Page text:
Chronic inflammation 1&2 Flashcards Preview

Principles of disease JK > Chronic inflammation 1&2 > Flashcards

Flashcards in Chronic inflammation 1&2 Deck (31):
1

What is the majority of the cell population?

Lymphocytes
Macrophages
Plasma cells

2

What does chronic inflammation feature?

Loss of function or necrosis

3

How can chronic inflammation arise?

Follow on from acute inflammation if there is a large amount of damage or can be primary

4

Healing and repair includes

Granulation tissue
Scarring and fibrosis

5

Granulation tissue

Patches tissue defects and replaces dead tissue
Contracts and pulls together

6

Succession of events of organisation

Capillaries => inflammatory mass => access of plasma protein => Macrophage from blood and tissue => fibroblast lay down collagen => Collagen replaces exudate

7

Products of granulation tissue

Fibrous tissue - scar
Fibrosis - less movement
Can lead to chronic inflammation

8

Primary chronic inflammation

- Autoimmune disease eg rheumatoid arthritis
- Material resistant to digestion eg mycobacteria
- Exogenous substance - suture, hip replacement
- Endogenous substance - in wrong place eg keratin

9

What is a plasma cell?

Undifferentiated B cell ==> antibody
b cell presents antigen to Macrophage

10

What do T cells produce?

Cytokines to attract macrophages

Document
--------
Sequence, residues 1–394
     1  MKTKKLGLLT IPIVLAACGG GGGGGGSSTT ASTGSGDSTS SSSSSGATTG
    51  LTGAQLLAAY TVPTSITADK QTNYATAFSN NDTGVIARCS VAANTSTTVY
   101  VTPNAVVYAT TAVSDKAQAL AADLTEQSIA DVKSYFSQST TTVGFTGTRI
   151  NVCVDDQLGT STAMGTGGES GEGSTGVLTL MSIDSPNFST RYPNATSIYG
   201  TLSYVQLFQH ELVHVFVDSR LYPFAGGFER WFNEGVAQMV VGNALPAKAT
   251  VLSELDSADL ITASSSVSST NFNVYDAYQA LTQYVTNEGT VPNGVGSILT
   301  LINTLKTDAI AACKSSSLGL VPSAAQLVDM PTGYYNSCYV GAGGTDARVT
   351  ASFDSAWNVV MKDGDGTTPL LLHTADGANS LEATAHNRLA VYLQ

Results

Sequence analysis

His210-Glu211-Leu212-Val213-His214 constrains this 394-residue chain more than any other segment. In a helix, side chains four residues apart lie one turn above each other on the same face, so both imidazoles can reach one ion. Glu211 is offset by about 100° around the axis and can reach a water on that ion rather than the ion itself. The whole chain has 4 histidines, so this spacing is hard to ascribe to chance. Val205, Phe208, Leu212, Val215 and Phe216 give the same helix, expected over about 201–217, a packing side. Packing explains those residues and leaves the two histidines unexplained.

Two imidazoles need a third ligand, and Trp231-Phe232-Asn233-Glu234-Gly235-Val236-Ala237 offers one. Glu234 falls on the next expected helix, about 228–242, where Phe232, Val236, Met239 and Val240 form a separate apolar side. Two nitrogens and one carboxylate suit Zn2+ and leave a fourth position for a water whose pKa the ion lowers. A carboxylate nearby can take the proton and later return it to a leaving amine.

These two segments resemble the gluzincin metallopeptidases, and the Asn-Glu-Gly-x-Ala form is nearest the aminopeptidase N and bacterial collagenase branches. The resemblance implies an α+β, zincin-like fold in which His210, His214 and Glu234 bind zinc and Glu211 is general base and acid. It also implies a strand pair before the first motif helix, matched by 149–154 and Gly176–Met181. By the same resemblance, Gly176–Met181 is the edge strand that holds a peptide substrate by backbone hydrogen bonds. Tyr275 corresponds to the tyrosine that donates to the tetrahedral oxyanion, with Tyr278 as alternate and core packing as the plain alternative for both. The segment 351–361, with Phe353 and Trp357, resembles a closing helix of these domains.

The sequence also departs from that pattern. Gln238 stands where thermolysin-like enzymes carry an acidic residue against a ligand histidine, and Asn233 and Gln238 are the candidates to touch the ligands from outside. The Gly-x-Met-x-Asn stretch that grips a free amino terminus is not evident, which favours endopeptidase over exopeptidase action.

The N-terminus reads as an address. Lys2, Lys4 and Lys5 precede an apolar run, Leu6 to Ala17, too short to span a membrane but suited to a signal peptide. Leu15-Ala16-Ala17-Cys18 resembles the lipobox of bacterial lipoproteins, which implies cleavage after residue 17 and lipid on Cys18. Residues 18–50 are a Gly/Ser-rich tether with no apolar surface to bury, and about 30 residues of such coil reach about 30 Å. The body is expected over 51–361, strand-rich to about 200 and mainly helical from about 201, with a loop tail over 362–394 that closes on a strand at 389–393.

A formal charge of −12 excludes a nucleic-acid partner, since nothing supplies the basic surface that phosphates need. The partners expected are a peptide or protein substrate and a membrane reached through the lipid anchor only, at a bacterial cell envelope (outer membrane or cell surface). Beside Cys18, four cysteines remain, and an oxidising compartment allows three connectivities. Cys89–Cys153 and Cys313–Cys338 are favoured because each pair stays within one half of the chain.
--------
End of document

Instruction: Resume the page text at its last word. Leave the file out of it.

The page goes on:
Interferons that are antiviral
Kill cells

11

NK cells

Destroy antigens and cells

12

What do macrophages do? (2)

Remove debris
Antigen presentation

13

What is a macrophage?

A motile phagocyte
Takes over from neutrophils
Contains enzyme eg lysosome and can produce interferon

14

Fibroblasts are...

Motile
Make collagen
Metabolically active

15

Granulomatous infection

Granuloma in tissues and cause serious infection
Aggregation if macrophage in epithelium cells and look like epithelium

16

What is a granuloma?

Lump of macrophages

17

Granulomas

May contain giant cells, neutrophil, eosinophil
Type 4 hypersensitivity
Surrounded by lymphocytes

18

Giant cell

Fusion of macrophage to from larger cells
Large cytoplasm and multiple nuclei

19

Langhans giant cells

TB - peripheral rim of nuclei with a large eosinophilic nuclei

20

Infectious granulomatous infection

TB - mycobacterium TB
Leprosy - mycobacterium leprae
Syphilis - Treponema pallidum

21

Non infective granulomas

Rheumatoid arthritis
Sarcoidosis
Crohns disease

22

Wound healing

Repair by granulation tissue formation
Phase of acute inflammation and angiogenesis
Fibrosis and scar formation

23

Surgical scar

Primary intention
Small and linear with a small amount of granulation tissue

24

Larger defect scar

Secondary intention
Lots of granulation tissue and contract and scar

25

What are some examples that favour wound healing

Nutrition
Metabolic stability
Cleanliness
Apposition of edges

26

What are some examples that impair wound healing

Poorly nourished
Inhibition of angiogenesis
Abnormal CHO metabolism

27

Fracture healing

Situation in bone ossification
Callus around broken bone and soft tissue

28

Granulation tissue in fracture healing

Osteoblast and fibroblast

29

VEGF

Released by hypoxic cells and stimulates proliferation

30

Angiogenesis and organisation in thrombosis

Limits thrombus propagation

31

Angiogenesis in malignant tumour

Tumour grows